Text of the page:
In another email, Kent wrote to Yovanovitch that the briefing was “further to the Blue Star effort to rehabilitate the reputation of their non-client in the US, former ministry of ecologies Zlochevsky, who clearly has retained the services of a blue-chip law firm and his energy company Burisma, which in turn has Hunter Biden on its board.

Yovanovitch was herself a key figure in impeachment proceedings, recalling how she was ousted from her post and allegedly targeted by Trump allies — some of whom have argued that the concerns about Burisma and the Biden connection were legitimate for the president to press Ukraine on. Trump's move to withhold U.S. aid during that period, though, is what catapulted the controversy into impeachment territory — with the president ultimately impeached by the House and then acquitted by the Senate.

Burisma's founder, former minister of ecologies Mykola Zlochevsky, had been under investigation in Ukraine. The Obama administration pushed for the prosecutor investigating Zlochevsky, Viktor Shokin, to be removed from his post. Shokin was fired in April 2016 and the case was closed by the prosecutor who replaced him, Lutsenko. Joe Biden once boasted on camera that when he was vice president he successfully pressured Ukraine to fire Shokin.

Biden allies, though, maintain that his intervention had nothing to do with his son, but was rather tied to the administration’s concerns of corruption in Ukraine. At the time, as vice president to former President Obama, Biden was running U.S.-Ukraine policy and anti-corruption campaigns.

Meanwhile, another document appeared to be a briefing memo to prepare Yovanovitch for a meeting on Dec. 8, 2016, inside the U.S. Embassy with Burisma representative Karen Tramontano.

“An Atlantic Council member and Washington veteran, Tramontano informally represents Mykola Zlochevsky, the Burisma CEO, who has long been the target of law enforcement proceedings in Ukraine,” the memo stated, adding that Zlochevsky’s “official US representatives sent a letter in September ... asking that the embassy reconsider its position on him.”

Yovanovitch did not make mention of meeting with Burisma representatives during her testimony.

Fox News has reached out to Yovanovitch's attorneys with a request for comment.

Meanwhile, Jordan also cited reports which suggested that State Department documents show that the alleged “whistleblower” whose complaint started the impeachment inquiry against President Trump “played a role in facilitating the Obama-Biden Administration’s interactions with the Ukrainian government relating to Burisma and Hunter Biden.”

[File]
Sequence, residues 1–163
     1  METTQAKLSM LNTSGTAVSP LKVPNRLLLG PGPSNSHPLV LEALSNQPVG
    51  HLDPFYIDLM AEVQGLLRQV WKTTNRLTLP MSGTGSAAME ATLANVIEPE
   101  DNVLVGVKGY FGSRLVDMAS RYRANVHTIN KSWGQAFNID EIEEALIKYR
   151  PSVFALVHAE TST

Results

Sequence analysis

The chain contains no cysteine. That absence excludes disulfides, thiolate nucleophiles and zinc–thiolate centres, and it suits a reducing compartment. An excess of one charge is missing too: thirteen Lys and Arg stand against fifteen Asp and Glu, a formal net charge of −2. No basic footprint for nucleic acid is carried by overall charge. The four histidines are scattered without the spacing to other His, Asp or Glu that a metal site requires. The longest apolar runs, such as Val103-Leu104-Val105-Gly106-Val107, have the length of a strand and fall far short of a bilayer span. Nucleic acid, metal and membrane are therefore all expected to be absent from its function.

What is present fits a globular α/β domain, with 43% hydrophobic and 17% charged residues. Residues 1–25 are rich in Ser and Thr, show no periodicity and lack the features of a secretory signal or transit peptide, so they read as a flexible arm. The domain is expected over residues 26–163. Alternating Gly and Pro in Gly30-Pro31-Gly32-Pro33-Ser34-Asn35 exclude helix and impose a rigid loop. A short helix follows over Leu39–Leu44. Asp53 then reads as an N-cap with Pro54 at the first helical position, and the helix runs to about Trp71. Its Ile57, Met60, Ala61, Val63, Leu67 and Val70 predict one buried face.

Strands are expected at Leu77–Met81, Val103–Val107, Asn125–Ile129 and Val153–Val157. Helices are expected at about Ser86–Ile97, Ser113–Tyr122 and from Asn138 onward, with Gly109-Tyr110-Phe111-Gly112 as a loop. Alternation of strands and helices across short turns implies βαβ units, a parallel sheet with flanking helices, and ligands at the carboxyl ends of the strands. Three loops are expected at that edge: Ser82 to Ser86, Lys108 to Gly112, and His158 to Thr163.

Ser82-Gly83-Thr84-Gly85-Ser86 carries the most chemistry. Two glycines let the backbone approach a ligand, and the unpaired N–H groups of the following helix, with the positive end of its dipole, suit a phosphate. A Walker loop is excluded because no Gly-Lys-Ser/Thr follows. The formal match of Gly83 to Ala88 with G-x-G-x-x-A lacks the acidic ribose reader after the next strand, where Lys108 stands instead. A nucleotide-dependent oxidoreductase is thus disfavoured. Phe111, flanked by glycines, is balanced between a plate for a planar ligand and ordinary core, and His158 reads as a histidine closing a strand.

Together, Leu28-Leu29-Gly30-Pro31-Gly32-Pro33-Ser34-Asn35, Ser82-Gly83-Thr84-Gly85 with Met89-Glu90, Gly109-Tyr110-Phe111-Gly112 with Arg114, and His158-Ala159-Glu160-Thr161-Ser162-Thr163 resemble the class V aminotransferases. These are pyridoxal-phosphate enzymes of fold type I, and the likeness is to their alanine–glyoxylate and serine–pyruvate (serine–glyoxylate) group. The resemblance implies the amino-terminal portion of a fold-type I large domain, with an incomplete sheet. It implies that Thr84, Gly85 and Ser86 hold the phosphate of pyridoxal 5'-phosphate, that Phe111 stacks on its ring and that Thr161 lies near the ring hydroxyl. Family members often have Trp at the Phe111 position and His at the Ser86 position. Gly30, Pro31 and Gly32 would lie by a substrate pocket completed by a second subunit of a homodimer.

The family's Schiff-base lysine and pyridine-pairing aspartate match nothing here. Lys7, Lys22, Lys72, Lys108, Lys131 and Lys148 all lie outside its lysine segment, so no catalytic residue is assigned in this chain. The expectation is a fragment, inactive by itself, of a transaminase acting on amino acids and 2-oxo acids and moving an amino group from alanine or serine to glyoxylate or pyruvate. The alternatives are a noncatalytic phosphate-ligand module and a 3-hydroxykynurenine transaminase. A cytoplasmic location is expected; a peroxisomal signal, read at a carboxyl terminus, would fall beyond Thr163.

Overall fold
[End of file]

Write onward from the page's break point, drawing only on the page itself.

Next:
“In light of this new information, and in order to better understand any previous barriers to our ability to cooperate with international law enforcement efforts related to Burisma, I respectfully request the following material,” Jordan wrote to Pompeo.

Jordan requested “unredacted copies of all documents released” in the FOIA relating to “Burisma Holdings Mykola Zlochevsky, or Hunter Biden,” as well as any documents and emails referring to Burisma between January 2014 and January 20, 2017—Trump’s inauguration.

Jordan also requested documents and communications “referring to or relating to Hunter Biden, Christopher Heinz or Devon Archer for the period January 1, 2014, to January 20, 2017.”

“Please provide this information as soon as possible, but no later than 5:00 p.m. on May 28, 2020,” Jordan wrote, thanking Pompeo for his “attention to this matter.”

The letter was sent to the State Department on Thursday afternoon.

Meanwhile, in Ukraine, the Burisma investigation isn't entirely closed. In October 2019, Ukraine’s current prosecutor general, Ruslan Ryaboshapka, said at a news conference that his office was instructed to review cases that have been closed to make sure they were fairly and thoroughly handled — including the probe into Burisma. That announcement did not mean that Ukraine was opening a new investigation into Burisma or the Bidens.

During his testimony last year, deputy Kent said that he raised concerns with Biden's office in 2015 that Hunter Biden’s role on the board of Burisma could present “the possibility of the perception of a conflict of interest.”

Kent also testified during the impeachment hearings that he would “love” to see Ukraine look into the circumstances surrounding the closure of the probe tied to Burisma.